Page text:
Legislation (S.1878) introduced by Senator Kay Bailey Hutchison (R-TX) would amend the Fair Labor Standards Act (FLSA) and make it easier for employers to offer bonuses and incentive pay to employees.
For more than 60 years, the FLSA has provided a minimum floor of compensation standards for the American worker. Unfortunately, in the modern workplace that floor has become an obstacle - preventing employees from reaping the benefits of incentive-based compensation plans.
Currently, the FLSA requires employers to recalculate overtime pay for hourly employees who are paid bonuses based on performance or productivity. For many companies, the extremely time-consuming process of recalculating overtime pay is enough disincentive for them to forego any type of incentive and/or non-discretionary bonus plans to its hourly employees. The end result is a lose-lose situation where the employee loses a bonus and the employer loses worker productivity and morale. S. 1878 would eliminate the requirement of employers to recalculate overtime pay.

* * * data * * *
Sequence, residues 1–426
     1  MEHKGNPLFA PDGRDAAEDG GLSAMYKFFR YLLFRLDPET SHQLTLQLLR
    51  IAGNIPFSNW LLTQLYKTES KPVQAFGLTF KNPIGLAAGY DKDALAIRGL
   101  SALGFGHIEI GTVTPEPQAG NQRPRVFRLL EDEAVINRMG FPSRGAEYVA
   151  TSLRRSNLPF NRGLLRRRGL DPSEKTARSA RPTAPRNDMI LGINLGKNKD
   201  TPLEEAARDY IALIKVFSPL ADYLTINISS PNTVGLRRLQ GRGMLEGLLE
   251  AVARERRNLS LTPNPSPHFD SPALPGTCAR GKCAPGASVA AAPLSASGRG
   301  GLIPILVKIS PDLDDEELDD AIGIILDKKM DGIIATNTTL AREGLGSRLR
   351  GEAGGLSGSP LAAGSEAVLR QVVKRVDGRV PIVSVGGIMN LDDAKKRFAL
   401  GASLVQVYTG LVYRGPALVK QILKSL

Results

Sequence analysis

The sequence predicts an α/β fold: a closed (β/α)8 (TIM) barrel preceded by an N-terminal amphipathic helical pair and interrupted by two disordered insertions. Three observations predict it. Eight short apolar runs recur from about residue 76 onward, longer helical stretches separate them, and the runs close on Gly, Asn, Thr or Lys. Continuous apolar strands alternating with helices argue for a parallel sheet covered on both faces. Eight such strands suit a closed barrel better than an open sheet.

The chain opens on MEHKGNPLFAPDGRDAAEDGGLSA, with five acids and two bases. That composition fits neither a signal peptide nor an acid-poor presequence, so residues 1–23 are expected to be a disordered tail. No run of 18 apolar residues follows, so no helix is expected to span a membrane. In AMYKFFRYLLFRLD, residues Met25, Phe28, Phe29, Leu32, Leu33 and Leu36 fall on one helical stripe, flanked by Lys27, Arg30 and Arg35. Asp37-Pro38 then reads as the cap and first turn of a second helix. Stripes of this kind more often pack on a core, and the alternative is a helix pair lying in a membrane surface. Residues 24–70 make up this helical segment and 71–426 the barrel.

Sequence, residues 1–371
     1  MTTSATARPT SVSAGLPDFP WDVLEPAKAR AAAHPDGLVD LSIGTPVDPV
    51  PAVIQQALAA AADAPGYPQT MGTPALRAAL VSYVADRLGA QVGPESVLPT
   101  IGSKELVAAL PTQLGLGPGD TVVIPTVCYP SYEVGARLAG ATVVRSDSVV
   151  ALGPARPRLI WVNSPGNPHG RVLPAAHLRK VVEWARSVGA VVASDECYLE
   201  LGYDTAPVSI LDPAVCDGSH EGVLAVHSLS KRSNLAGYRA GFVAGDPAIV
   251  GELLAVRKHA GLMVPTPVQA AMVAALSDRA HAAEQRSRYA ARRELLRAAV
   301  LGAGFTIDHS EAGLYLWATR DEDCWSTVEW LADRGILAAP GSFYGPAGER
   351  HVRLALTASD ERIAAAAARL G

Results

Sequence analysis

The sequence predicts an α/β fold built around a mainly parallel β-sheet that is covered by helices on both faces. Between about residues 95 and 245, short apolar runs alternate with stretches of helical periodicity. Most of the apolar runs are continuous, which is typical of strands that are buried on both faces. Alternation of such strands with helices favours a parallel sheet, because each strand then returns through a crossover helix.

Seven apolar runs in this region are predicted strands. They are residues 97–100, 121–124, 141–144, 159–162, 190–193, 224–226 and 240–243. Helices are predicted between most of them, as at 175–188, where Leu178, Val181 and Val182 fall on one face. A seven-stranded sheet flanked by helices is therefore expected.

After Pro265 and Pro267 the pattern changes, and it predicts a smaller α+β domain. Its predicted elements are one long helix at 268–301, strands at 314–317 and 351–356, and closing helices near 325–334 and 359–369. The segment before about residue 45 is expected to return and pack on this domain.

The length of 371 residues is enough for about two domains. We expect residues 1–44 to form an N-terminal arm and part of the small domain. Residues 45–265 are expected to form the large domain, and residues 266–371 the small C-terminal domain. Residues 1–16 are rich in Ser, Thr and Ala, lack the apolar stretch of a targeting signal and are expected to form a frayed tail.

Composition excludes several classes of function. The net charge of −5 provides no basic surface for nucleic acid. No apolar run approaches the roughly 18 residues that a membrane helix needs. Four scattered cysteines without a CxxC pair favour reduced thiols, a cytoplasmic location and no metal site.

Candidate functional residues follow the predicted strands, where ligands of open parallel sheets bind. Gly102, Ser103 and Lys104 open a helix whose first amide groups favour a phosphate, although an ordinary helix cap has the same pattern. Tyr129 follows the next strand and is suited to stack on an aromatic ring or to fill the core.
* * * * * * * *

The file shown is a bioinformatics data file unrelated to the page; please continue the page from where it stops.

SHRM has come out with strong support of Hutchinson's bill in a recent press release. "With less then 100 days left before the start of a new millennium, Congress continues to hold onto a law passed more than six decades ago when the American marketplace was entirely different. It is a new era, a new economy and a new workforce," said SHRM Executive Vice President and COO, Susan R. Meisinger, SPHR. "Congress should move forward and recognize that incentive-based compensation plans are a more modern way to reward employees. Legislation to remove the obstacles for employers to provide bonuses is long overdue."
The SHRM release continued: "The benefits of bonus and gainsharing programs tied to productivity and efficiencies have been long recognized as a way to improve labor management relations and reduce absenteeism, turnover and grievances. The global marketplace demands that our laws provide the flexibility to retain the best and brightest. "
Sen. Hutchison's legislation is companion legislation to H.R. 1381, introduced by U.S. Rep. Cass Ballenger (R-NC). H.R. 1381 passed the House Education and Workforce Committee in June of this year.